Despite the fact that an estimated 16 million South Africans have cash in bank savings accounts, a staggering 40% of people have placed this money in low interest-bearing savings accounts, says Vera Nagtegaal, executive head at Hippo.co.za.
This is risky because over time, inflation eats away at the purchasing power of your savings.
Simply put, this means that the value of your money decreases over time. R500 in ten years from now may buy you the equivalent of R50 today.
Statistics South Africa placed inflation at 4.5% in March 2019. So, if you want to see "real growth" of your savings, the interest you earn must exceed inflation and bank fees.
Nagtegaal explains that, if the objective is to accumulate a smaller amount for a short-term goal, then a savings account is the way to go.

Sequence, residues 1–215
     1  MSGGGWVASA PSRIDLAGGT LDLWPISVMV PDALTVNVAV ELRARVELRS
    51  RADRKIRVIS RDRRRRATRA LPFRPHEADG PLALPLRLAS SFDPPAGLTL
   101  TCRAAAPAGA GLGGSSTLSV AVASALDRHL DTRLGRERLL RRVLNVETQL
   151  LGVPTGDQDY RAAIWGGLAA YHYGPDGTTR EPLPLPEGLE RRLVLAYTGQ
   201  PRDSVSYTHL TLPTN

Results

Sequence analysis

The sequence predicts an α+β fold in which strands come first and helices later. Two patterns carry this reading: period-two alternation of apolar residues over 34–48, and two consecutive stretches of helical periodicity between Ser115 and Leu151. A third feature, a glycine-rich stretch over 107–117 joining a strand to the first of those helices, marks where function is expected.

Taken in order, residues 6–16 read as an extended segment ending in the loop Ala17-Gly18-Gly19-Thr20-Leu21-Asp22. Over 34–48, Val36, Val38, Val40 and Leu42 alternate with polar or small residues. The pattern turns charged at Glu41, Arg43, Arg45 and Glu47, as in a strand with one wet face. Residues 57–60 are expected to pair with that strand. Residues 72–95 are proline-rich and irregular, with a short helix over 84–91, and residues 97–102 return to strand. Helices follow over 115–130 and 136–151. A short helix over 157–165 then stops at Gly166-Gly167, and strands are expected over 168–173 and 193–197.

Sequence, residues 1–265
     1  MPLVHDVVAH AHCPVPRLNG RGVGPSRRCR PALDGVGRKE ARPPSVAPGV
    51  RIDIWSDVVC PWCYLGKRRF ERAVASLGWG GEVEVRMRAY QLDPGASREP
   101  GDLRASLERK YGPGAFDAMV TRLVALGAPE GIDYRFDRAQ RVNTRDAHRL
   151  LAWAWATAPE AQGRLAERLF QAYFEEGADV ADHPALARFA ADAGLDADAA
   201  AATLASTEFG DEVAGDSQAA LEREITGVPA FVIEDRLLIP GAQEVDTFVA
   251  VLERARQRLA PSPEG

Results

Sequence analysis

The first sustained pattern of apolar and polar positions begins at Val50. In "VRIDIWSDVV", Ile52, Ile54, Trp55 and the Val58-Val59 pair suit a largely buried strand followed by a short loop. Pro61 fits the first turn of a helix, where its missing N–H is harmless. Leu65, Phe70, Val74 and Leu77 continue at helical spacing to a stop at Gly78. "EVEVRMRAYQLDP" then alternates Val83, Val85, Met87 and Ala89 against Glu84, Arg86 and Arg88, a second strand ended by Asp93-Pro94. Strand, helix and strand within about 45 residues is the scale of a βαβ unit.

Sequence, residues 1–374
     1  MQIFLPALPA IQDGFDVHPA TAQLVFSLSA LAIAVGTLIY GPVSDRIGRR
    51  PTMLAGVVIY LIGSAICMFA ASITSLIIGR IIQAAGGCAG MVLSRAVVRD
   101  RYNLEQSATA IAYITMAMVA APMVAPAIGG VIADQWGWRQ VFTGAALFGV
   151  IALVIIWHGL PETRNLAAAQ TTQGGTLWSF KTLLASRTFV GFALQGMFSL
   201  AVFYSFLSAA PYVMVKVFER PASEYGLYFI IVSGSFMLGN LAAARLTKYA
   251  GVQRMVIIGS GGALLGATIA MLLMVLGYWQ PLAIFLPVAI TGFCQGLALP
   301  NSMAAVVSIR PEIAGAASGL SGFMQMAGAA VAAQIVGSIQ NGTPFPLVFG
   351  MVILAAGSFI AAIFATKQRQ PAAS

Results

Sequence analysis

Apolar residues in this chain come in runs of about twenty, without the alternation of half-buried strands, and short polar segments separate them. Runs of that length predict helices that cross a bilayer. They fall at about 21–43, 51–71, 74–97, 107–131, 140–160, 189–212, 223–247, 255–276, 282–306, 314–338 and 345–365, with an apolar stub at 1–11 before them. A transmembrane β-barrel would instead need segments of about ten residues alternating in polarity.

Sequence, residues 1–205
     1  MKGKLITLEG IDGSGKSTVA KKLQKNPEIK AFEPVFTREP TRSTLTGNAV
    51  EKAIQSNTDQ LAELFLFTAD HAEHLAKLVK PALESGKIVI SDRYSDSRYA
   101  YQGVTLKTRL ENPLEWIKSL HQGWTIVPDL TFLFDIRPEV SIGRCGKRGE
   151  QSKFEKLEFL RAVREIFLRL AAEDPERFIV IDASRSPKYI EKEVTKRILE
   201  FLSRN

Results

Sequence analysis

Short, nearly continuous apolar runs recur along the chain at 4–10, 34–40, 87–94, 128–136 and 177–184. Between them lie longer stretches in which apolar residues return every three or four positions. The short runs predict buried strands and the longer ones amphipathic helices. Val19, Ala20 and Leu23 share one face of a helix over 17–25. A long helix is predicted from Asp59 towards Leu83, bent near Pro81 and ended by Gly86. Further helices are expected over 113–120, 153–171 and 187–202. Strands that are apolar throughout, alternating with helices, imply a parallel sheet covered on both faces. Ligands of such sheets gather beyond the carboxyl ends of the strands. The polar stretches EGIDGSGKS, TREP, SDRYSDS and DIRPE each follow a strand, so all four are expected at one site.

"The major benefit of having a savings account is typically a no-risk decision. You earn interest on the money you save; your initial capital is guaranteed and it's more easily accessible if and when you need it," says Nagtegaal.
"Most importantly, it is about choosing a savings account that will give you the most benefit."
A savings account offers easy accessibility to your money. For example, a notice deposit account protects your savings from impulsive withdrawals because you are required to provide notice of your intention to withdraw cash.
A fixed deposit account lets you choose the period of investment, offers a fixed interest rate for the full period of the investment, and also prevents you from making withdrawals on a whim.
"Using a savings account to grow your money and as a tool to keep track of your funds is a good starting point. But before you get to that stage, you need to put in the time to do some research and establish which account is best for you," says Nagtegaal.
"Consider how quickly you may need to access your savings in an emergency and whether you are going to make a once-off contribution or a recurring contribution."